Australia’s new Major Sporting Events (Indicia and Images) Protection Act 2014

Australia’s new Major Sporting Events (Indicia and Images) Protection Act 2014

Australia’s new Major Sporting Events (Indicia and Images) Protection Act 2014

Ensuring a home for international sporting events in Australia

The Major Sporting Events (Indicia and Images) Protection Act received Royal Assent on 27 May 2014 and came into effect on 1 July, 2014. It regulates the commercial use of indicia and images associated with three major international sporting events taking place over the next four years:

  • The Asian Cup 2015
  • The Cricket World Cup 2015
  • The Gold Coast 2018 Commonwealth Games

The Act replicates the regulations which were put in place to protect sponsorship and licensing revenue for the Sydney Olympics in 2000 and the Melbourne Commonwealth Games in 2006.

Staging an international sporting competition in Australia

Hosting major sporting events which showcase some of the world’s best football players, cricketers and athletes benefits Australia from a tourist and trade perspective, and provides opportunities for the Australian public and Australian sportspeople to have greater access to sporting events and sport in general.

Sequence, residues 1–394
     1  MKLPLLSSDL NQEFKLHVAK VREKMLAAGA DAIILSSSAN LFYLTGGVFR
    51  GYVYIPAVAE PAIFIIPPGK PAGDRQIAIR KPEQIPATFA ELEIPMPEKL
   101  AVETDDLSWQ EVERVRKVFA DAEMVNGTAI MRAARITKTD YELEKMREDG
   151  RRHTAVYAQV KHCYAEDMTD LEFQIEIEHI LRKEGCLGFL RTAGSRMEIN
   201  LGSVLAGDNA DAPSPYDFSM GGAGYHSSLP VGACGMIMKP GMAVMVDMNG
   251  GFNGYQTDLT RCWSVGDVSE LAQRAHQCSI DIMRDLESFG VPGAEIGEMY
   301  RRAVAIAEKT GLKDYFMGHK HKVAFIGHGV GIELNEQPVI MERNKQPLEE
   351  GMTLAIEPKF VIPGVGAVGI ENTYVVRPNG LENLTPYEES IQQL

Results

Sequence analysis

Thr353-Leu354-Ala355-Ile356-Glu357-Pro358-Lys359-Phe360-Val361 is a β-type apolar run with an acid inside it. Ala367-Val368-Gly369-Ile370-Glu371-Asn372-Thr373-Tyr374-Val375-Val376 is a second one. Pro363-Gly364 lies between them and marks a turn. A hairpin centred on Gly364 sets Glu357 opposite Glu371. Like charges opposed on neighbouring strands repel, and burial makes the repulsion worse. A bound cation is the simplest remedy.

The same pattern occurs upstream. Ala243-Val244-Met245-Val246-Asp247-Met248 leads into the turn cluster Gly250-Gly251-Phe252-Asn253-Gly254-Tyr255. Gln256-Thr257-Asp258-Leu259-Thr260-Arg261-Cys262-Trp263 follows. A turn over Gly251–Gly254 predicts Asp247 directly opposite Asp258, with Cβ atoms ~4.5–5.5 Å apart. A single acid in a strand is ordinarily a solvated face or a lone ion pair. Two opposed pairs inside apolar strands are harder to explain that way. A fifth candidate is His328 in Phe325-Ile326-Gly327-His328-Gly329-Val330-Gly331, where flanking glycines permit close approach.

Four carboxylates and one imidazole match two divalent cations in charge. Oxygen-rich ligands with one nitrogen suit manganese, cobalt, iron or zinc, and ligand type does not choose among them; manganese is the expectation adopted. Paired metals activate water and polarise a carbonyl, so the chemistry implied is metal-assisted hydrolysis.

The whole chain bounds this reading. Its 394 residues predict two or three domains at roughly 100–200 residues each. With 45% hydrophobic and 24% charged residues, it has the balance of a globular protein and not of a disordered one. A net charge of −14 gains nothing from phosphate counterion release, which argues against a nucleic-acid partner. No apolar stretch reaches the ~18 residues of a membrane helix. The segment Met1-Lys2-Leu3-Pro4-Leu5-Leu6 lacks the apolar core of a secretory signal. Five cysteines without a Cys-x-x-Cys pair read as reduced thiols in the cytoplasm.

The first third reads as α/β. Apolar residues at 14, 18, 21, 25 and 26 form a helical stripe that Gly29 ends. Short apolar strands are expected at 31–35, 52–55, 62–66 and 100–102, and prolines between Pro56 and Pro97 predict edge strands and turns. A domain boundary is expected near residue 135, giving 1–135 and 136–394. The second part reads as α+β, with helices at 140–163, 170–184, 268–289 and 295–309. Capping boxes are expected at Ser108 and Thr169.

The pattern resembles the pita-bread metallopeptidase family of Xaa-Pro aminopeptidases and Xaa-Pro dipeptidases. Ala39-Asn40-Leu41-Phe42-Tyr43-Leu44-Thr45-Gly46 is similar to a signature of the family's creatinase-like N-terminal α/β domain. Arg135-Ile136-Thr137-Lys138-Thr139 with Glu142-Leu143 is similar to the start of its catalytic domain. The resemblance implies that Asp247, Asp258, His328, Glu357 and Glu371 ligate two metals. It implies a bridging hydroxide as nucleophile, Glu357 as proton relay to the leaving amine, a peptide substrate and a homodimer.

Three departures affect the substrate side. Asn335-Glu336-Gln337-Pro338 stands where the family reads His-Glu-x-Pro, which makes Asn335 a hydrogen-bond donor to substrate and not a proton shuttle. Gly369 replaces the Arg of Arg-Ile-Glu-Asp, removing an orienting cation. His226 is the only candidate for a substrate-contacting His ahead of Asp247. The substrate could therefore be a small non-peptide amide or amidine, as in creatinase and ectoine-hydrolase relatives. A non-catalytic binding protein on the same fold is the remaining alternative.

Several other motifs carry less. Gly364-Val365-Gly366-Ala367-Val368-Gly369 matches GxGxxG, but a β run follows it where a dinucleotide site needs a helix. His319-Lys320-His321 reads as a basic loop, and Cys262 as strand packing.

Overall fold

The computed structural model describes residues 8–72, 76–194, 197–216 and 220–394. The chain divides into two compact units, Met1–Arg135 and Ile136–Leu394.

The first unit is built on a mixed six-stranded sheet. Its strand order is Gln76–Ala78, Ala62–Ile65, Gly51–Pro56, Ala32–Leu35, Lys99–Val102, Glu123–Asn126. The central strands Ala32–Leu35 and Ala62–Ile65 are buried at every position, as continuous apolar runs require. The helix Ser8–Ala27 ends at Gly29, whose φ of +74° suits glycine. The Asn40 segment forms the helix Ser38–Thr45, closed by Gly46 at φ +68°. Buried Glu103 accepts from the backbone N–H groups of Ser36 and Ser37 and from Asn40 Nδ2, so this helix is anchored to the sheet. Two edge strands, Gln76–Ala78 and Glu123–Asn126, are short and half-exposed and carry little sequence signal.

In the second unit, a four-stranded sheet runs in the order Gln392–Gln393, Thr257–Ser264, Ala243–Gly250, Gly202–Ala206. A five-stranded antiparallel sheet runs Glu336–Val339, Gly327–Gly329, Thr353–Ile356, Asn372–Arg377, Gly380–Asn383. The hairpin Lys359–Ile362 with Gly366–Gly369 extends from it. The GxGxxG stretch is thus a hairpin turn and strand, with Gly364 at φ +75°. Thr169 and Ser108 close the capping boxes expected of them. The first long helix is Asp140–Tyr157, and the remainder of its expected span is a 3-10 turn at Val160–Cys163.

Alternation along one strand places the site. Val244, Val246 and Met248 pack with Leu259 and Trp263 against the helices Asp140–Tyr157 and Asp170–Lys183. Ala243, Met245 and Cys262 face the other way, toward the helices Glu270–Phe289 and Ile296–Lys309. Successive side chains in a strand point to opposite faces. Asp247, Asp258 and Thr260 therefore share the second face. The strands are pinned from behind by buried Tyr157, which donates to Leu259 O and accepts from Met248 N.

No to ‘ambush marketing by association’

Revenue generated from television rights, ticket sales, sponsorship and licensing reduces the burden of funding such events, which would otherwise fall on the Australian government. However sponsors must have certainty that their investment will be protected – in other words, if they know that they are the only businesses that can directly benefit from association with the events. If businesses which do not sponsor events are able to use event indicia and images to create an impression of association with, or sponsorship of, the event (known as “ambush marketing by association”), thereby increasing sales and brand awareness without having paid for the privilege, then official sponsors may withdraw their support or decide not to enter into commercial arrangements with events, and overall event revenue will be reduced. 

Australian Government supplementing the existing legislation to protect businesses

To protect the commercial rights of and investments made by sponsors and to protect the authorising bodies of sporting events from being undermined by the unauthorised commercial use of certain indicia and images associated with these events, the Australian Government has supplemented the existing legislation (including the Competition and Consumer Act 2010, the Trade Marks Act 1995 and the Copyright Act 1968) with this new special legislation, which will be in place for a period of time in the lead up to and during the events and then for one year after the completion of each event.

Key features of the Major Sporting Events Protection Act

  • Each of the events has a list of agreed words and phrases associated with it, including variants of the event name and known abbreviations, although generic words such as ‘cricket’, ‘football’ and ‘Commonwealth’ are excluded from the lists.